Music In The 1960s

Decent Essays

‘60s Music Revolution

Although, many people in the 1960s believed that Rock ‘n’ Roll music wreaked havoc on society more than it brought people together, and rejected and disrupted established society, this “protest” rock and R&B music from the 1960s proved to be one of the few ways for the younger generation to describe, address, and improve upon what seemed to be their own downward spiraling social conditions, from the Vietnam war to the Civil Rights Protests. With the constant changes in society, it would be hard for the younger generations to cope with what their parents could not help them understand. Throughout the sixties we will see how music illustrated people’s …show more content…

After John F. Kennedy was assassinated on November 22, 1963, people felt as if they were doomed, but little did they know that the events to follow in the next few years would shape America for the better. The Vietnam War was highly scrutinized by Americans, especially by college students. The peace protests against the Vietnam War started as small scale protests on college campuses then soon became a full fledge movement once the United states started bombing Vietnam. The war brought out the hippie movement, which was led by notable intellects, music groups, and artists who rejected the social norm and welcomed drug culture. While war was waging in Vietnam, an ongoing war was being fought in the United States for African- Americans, which would soon become known as the Civil Rights Movement. Blacks in America had enough of the “Jim Crowe” laws which tried to justify inequality and discrimination throughout the nation. Many Civil Rights leaders used non-violent protests to try and bring out change in order to reach equality. The most prominent Civil Rights leaders came about during this time, for example, people like Martin Luther King Jr., …show more content…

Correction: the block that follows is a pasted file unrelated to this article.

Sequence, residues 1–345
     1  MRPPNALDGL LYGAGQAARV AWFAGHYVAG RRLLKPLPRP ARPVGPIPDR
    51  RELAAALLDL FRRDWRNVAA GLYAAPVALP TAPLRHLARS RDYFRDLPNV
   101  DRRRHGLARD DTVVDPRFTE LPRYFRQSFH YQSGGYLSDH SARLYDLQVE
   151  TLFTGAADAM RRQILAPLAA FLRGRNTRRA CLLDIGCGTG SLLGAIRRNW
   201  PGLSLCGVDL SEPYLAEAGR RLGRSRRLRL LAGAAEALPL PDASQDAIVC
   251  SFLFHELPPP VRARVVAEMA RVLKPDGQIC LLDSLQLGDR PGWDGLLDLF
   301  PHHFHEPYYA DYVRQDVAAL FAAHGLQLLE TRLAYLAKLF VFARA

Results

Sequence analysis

Many believed that Rock and R&B only fueled the fire and did not help put it out. The older generations came from more conservative backgrounds and did not believe that the moral and political lines that music was crossing at the time should be allowed. Parents and leaders saw rock as the root of all chaos and as the madness behind every protest. But, they failed to see that it was their children’s only way to relate to what was going on just outside their front door. Music is the universal language and this music helped people relate and put aside their differences no matter the color of their skin and come together for a single cause. Many believed that this was a good thing but others saw it as a disruption in an already established society and rules that some did not want change. As rock and R&B were the voices of the Cultural Revolution with a group of young people fighting hard against the system behind them, they came together not to fight against the war but also inequality. Music began to push boundaries that were not even supposed to be thought about at the time. No matter if songs were sung at marches, sit-ins, or on stages, they all represented the struggle for freedom. One of the most influential songs of the Civil Rights movement was “We Shall Overcome”, a gospel song by an African American composer, Charles Albert Tindley, which

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